English-language touring companies have also toured the European region extensively. International tours in the early to late 2000s included stops in Sweden, Norway, Finland, Greece, Portugal, Germany, and Italy. The 2013–2014 UK tour visited cities in Belgium, Greece, Italy, Monaco, and Portugal. Most recently, a UK production played in numerous European cities from 2016 to 2019, with tour stops in Switzerland, Croatia, Belgium, Poland, Bulgaria, Germany, Norway, Sweden, Finland, Denmark, Netherlands, and Luxembourg. These European tours have featured several notable performers in the role of Grizabella, including Pernilla Wahlgren (Sweden; 2003), Katarína Hasprová (Slovakia; 2016) and Jenna Lee-James (Netherlands; 2018–2019).
The original staging of Cats at the New London Theatre was considered revolutionary and "one of the first truly immersive theatrical experiences". Instead of a conventional proscenium, the theatre was quasi-in-the-round with a central revolving stage. Nunn and Napier had sought to create "an environment rather than a set", and around $900,000 was spent remodelling the New London in preparation for the show. This included mounting sections of the stalls onto the theatre's 60 ft (18 m) revolve such that the audience moved along with the stage. When the show was brought to Broadway, the Winter Garden Theatre was given a similar $2 million makeover; its proscenium stage was converted into a thrust, and a part of its roof was torn through to allow for the effects of Grizabella's ascension to the Heaviside Layer.
The musical was scheduled to open on 30 April 1981, with previews starting on 22 April. Shortly before tickets went on sale in mid-February, Nunn revealed to the alarmed producers that he was struggling to write the script for the musical. Despite still having no established book or score, rehearsals began on 9 March 1981 in a church hall in Chiswick, London. The original music director, Chris Walker, became so frustrated with the unfinished score that he quit by lunchtime and was replaced by the film conductor Harry Rabinowitz. The situation improved later that day when Lloyd Webber, Mackintosh and Nunn met with Stilgoe, a musician known for his ability to improvise lyrics on the spot, in hopes that Stilgoe could write an opening song for the musical. By the next evening, Stilgoe had produced a draft for "Jellicle Songs for Jellicle Cats". However, "Memory", an 11 o'clock number for Grizabella that Nunn insisted the show needed as its "emotional centre", still had no lyrics at this point. Lloyd Webber's former writing partner Tim Rice was brought in to write a lyric for the song, but his version was rejected by Nunn for being too depressing. The lyrics for "Memory" were not completed by Nunn until well into the previews.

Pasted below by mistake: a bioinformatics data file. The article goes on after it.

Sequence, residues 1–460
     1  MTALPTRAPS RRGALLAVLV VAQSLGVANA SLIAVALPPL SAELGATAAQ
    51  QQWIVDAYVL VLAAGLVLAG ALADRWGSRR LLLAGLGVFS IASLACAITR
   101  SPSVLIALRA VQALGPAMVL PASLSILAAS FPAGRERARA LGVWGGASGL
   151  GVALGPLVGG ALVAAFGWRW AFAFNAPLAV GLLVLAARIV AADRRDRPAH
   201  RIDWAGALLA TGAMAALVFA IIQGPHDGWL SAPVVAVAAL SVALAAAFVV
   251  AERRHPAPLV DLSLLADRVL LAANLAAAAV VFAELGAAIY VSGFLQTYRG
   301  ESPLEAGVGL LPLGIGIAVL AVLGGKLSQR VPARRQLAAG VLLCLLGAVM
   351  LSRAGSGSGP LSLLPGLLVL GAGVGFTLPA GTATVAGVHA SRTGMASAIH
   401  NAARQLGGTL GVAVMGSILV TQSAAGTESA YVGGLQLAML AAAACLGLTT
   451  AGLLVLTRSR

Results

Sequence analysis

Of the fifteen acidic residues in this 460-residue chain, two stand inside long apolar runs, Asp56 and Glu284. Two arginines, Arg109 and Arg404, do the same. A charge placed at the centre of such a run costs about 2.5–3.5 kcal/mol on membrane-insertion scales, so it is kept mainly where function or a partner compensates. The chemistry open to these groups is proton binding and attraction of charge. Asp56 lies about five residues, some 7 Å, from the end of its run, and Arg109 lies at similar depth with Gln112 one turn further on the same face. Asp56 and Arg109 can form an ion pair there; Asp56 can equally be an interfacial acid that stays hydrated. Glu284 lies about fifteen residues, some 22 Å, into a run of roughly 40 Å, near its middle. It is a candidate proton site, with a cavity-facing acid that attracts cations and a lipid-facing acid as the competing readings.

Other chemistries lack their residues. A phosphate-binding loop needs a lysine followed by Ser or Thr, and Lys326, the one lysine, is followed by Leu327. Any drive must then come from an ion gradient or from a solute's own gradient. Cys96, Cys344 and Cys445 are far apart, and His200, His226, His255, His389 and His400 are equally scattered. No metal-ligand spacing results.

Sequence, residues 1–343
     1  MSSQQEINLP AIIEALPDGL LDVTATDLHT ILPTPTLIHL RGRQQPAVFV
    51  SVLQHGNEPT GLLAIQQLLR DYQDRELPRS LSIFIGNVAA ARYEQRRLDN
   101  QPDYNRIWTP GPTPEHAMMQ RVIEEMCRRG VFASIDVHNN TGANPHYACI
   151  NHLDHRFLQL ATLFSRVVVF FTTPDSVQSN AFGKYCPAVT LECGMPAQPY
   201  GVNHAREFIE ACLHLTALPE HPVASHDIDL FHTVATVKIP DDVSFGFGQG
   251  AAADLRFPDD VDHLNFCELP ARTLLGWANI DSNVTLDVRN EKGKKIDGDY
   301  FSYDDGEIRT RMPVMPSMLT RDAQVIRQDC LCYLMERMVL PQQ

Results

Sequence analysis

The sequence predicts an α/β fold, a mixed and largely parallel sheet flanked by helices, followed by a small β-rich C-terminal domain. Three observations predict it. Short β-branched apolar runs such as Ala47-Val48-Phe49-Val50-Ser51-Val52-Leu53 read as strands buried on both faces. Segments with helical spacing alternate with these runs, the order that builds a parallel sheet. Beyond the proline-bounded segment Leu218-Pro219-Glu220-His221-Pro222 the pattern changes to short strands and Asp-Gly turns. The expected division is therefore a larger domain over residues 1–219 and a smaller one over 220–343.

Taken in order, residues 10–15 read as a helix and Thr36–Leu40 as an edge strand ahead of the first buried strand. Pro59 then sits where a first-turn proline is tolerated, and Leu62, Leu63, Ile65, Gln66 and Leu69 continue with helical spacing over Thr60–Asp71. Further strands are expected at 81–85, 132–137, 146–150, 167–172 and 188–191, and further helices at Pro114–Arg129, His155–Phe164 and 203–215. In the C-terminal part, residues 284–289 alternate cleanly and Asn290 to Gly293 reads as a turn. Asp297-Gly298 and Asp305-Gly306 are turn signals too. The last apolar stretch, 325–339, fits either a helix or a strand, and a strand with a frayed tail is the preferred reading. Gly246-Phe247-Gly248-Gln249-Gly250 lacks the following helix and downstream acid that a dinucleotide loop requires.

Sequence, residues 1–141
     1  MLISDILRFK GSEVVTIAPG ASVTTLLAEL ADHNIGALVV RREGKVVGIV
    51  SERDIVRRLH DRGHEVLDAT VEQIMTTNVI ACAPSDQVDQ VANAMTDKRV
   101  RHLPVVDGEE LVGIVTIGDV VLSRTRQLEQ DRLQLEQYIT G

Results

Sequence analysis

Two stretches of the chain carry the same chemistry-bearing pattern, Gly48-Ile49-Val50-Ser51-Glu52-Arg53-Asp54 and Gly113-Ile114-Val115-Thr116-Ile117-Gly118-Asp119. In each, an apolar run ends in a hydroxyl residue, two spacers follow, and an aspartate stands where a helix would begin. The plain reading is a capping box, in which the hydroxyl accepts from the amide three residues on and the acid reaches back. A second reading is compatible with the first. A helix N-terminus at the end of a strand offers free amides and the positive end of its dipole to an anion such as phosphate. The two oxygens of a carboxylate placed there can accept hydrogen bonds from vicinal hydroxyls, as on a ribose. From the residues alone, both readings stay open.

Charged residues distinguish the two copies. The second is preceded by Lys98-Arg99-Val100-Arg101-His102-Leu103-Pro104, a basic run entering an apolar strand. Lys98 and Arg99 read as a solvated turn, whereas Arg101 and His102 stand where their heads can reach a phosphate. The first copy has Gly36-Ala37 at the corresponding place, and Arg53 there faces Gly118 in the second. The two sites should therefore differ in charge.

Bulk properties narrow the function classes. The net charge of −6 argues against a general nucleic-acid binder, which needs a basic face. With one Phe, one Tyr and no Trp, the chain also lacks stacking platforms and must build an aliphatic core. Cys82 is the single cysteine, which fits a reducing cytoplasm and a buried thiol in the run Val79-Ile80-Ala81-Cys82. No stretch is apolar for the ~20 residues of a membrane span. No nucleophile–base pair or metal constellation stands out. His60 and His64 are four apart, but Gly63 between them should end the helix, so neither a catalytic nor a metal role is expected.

The Late Latin word is generally thought to originate from an Afro-Asiatic language, but every proposed source word has presented problems. Many references refer to "Berber" (Kabyle) kaddîska, 'wildcat', and Nubian kadīs as possible sources or cognates, but M. Lionel Bender suggests the Nubian term is a loan from Arabic قِطَّة qiṭṭa. Jean-Paul Savignac suggests the Latin word is from an Ancient Egyptian precursor of Coptic ϣⲁⲩ šau, 'tomcat', or its feminine form suffixed with -t, but John Huehnergard says "the source [...] was clearly not Egyptian itself, where no analogous form is attested." Huehnergard opines it is "equally likely that the forms might derive from an ancient Germanic word, imported into Latin and thence to Greek and to Syriac and Arabic". Guus Kroonen also considers the word to be native to Germanic (due to morphological alternations) and Northern Europe, and suggests that it might ultimately be borrowed from Uralic, cf. Northern Sami gáđfi, 'female stoat', and Hungarian hölgy, 'stoat'; from Proto-Uralic *käďwä, 'female (of a furred animal)'. In any case, cat is a classic example of a word that has spread as a loanword among numerous languages and cultures: a Wanderwort.
Feral cats can live in forests, grasslands, tundra, coastal areas, agricultural land, scrublands, urban areas, and wetlands. Their habitats include small islands with no human inhabitants. The close relatives of the domestic cat, the African wildcat (Felis lybica) and the sand cat (F. margarita) both inhabit desert environments. Domestic cats still show similar adaptations and behaviors.